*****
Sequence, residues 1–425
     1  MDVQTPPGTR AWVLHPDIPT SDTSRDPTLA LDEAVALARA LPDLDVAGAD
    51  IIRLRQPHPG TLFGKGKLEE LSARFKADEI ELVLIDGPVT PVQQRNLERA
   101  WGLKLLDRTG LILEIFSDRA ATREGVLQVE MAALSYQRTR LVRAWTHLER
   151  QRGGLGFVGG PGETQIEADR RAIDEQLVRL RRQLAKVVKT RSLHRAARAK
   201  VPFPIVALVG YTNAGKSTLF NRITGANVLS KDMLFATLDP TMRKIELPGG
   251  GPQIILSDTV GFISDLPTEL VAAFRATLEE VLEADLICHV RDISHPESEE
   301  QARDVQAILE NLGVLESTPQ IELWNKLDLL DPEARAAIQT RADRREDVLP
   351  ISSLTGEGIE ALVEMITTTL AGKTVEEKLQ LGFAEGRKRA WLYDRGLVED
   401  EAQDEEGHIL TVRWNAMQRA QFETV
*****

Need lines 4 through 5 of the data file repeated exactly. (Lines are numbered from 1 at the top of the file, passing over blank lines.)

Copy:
   101  WGLKLLDRTG LILEIFSDRA ATREGVLQVE MAALSYQRTR LVRAWTHLER
   151  QRGGLGFVGG PGETQIEADR RAIDEQLVRL RRQLAKVVKT RSLHRAARAK